AT&T Field is seen through the clearing of trees and brush from the base of Cameron Hill high above U.S. Highway 27, in downtown Chattanooga.

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Drivers say Highway 27 project worth the driver do-si-do

Like mushrooms after a rain, the orange barrels from Chattanooga's U.S. Highway 27 project that vanished from the north side of the Olgiati Bridge have sprung up again in the last month, this time on the south end of the bridge.

Motorists barely got to catch their collective breaths from the March opening of the north end of the project before the ever-changing, lane-shifting madness started downtown with the next phase.

Downtown Chattanooga dentist Dr. Frank "Bubba" Trundle Jr. drives through the snarl to his Carter Street office every day, but he's looking past the inevitable backups to the future.

"The construction of the freeway will be worth it if they only improved two areas — on the south side at M.L. King, the entrance and exit ramps are in the same lane, [and] on the north side, the exit lane for Fourth Street is in the same lane as entry from M.L. King," Trundle said of the original combination entrance-exit ramps. That combination often required drivers to do a frantic do-si-do to switch places on the ramp.

"Both are dangerous in morning and evening commute," Trundle said. "Flow in and out of town will be better when [the project is] finished."

Other drivers appreciate the ongoing work.

For 28-year-old North Shore resident Chas Webb, a civil engineer for Hamilton County, the project adds about 10 minutes to his commute but adds a little hope for his travels in the future.

"I don't mind that one bit, even if it will be for a few years," Webb said.

"The first phase of Highway 27 was great, but it only created a bottleneck closer to downtown," he said. "I think [the Tennessee Department of Transportation] has done a great job of having their contractors work during non-peak hours and closing lanes at night. I know that adds to the length and cost of the project, but it's certainly worth it in my opinion."

Kim Frederick, 26, commutes every day around 7:40 a.m. from Signal Mountain to Kenco Management on Riverside Drive, taking the Olgiati Bridge to the Fourth Street exit into downtown.

The drive already is better than it was before the project started, Frederick said.

"As I get off at Fourth Street, I get over in the far right-hand lane," she said. "The other lanes are usually quite blocked up, but with the extension of the [exit] lane it's been so much better."

At $126.3 million, the 2.3-mile-long project from around Main Street to the south end of the Olgiati Bridge is the most expensive project in TDOT history. Jackson, Tenn.-based Dement Construction LLC is the contractor. Construction is expected to last until 2019.

The interchange between U.S. 27 and Interstate 24 will remain much the same, but the highway will be widened within the confines of the project footprint, and interchanges at Martin Luther King Boulevard and Fourth Street will see major changes and new frontage roads, TDOT officials say.

"I think people know that the project is much-needed," TDOT spokeswoman Jennifer Flynn said. "And once we get through with construction, the road will be much wider and safer."

Safety measures taken during construction will include installation of new striping and, because some of the tall street lights through the construction zone have been moved or disconnected, raised reflective markers will be installed on the roadway to improve lane visibility, Flynn said.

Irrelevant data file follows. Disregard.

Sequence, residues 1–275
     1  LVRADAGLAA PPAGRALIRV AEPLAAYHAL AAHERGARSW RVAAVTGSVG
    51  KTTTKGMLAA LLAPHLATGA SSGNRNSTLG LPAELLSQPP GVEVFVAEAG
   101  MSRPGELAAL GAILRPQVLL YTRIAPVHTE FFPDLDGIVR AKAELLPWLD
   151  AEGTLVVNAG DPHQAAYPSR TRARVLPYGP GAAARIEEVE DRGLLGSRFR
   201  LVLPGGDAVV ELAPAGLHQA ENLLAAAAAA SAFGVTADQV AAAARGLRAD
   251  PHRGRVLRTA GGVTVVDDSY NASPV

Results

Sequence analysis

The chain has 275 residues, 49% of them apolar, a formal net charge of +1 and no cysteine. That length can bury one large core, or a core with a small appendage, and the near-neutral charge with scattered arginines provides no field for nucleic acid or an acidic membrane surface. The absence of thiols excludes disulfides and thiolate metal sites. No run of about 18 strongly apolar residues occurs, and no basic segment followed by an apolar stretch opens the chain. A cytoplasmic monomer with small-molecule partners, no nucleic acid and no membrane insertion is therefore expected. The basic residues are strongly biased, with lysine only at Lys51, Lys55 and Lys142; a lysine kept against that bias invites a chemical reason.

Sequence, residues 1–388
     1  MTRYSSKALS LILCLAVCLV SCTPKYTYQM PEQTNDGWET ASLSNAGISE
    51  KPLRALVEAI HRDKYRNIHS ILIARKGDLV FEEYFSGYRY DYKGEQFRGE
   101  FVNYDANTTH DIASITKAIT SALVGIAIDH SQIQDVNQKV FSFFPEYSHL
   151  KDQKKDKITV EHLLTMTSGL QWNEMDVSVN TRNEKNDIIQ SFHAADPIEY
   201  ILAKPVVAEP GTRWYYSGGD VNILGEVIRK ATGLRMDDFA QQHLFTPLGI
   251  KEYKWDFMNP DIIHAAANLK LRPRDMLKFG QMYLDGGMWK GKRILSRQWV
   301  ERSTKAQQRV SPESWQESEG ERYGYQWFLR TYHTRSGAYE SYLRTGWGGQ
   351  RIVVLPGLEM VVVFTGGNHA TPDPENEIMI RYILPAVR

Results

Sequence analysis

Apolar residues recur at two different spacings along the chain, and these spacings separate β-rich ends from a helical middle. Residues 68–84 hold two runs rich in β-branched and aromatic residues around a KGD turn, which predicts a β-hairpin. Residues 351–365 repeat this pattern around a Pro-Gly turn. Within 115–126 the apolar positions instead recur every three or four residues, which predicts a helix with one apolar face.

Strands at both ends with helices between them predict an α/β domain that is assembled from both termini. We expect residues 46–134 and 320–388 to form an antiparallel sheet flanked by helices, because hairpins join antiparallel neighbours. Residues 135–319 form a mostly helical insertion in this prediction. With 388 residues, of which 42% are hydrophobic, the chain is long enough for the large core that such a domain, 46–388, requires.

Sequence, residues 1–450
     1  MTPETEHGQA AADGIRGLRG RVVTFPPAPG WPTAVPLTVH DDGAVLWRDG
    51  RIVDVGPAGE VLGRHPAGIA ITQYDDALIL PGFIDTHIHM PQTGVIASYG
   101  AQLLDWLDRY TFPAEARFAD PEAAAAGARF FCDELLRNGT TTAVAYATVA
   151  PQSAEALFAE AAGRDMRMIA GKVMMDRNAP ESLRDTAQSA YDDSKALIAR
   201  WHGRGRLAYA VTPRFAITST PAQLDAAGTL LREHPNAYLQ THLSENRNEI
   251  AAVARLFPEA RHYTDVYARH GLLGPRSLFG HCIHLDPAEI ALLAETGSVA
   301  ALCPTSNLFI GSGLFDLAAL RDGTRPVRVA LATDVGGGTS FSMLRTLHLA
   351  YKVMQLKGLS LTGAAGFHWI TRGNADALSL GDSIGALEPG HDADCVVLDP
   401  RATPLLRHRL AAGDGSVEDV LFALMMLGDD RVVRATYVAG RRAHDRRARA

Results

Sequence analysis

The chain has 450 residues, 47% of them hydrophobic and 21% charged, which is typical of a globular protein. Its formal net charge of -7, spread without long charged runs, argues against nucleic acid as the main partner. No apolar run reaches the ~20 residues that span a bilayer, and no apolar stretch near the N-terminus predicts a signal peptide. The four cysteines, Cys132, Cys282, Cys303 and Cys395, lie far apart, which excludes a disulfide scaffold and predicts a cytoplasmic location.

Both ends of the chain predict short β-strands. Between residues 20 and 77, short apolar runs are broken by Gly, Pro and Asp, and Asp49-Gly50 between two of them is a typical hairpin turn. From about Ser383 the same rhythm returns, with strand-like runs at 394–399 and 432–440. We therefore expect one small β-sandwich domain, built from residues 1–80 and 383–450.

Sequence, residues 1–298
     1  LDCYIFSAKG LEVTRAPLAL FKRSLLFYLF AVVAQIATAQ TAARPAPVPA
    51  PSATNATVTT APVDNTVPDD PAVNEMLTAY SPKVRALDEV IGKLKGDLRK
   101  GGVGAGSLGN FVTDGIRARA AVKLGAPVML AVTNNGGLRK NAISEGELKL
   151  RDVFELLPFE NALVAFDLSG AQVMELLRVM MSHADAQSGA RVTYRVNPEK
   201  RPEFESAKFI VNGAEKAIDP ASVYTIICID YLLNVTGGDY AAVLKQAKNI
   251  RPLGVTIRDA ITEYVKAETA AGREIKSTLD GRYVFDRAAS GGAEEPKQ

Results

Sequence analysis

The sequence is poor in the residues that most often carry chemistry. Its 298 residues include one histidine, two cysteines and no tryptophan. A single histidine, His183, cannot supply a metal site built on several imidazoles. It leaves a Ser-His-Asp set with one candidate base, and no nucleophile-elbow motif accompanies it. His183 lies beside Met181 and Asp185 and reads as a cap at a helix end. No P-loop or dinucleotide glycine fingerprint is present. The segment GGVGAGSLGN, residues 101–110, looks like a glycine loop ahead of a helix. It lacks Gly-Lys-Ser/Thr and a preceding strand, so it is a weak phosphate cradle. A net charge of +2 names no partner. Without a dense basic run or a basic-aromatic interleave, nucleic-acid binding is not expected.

There have been no complaints to TDOT on the project itself but state officials did get a complaint about a problematic temporary ramp on the southbound side at the MLK exit early in the project. Officials responded by returning that exit to its original configuration until later, Flynn said.

On the northbound side, the temporary ramp between MLK and Fourth Street will keep, for now, the same style exit and entrance that the old ramps had, Flynn said.

Those double-duty ramps can be confusing, officials said.


Tennessee Highway Patrol Lt. John Harmon said there are rules for combination entrance-exit ramps in the construction zone and elsewhere in Chattanooga, like the interchanges at the Moore Road exits on both sides of Interstate 24 or the interchanges at Highway 153 and Hixson Pike.

By state law, the driver who is on the ramp must yield the right of way to traffic on the main road they are entering, Harmon said.

"If I'm on Highway 27, I have the right of way," Harmon said. "Until I get completely off that road, the person merging onto the road has to yield to me.

"Technically a ramp — off ramp or on ramp — is merging onto another thoroughfare," he said.

But not all drivers do it that way — and that's OK if they're being careful, the trooper said.

"If you're driving down the right lane on the interstate, you can, as a courtesy, give room for another driver to enter the traffic lane," Harmon said. The driver should check rearview mirrors and shift one lane to the left to allow another driver onto the main thoroughfare.

If the highway driver wants to take the off ramp, that driver can also slow down to get behind the merging driver, as long as both drivers feel they understand the other's intentions, Harmon said.

When in doubt, the driver on the ramp should yield to the traffic on the main road.

Patience and a "share the road" philosophy doesn't hurt, Harmon said.

Harmon said troopers will be highly visible in the construction zone to keep road workers safe and to watch for speeders and reckless drivers.

"It's going to be here for several years, and we want to encourage our local residents not get complacent about the construction zones," Harmon said.

Contact staff writer Ben Benton at or or or 423-757-6569.

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Highway 27 project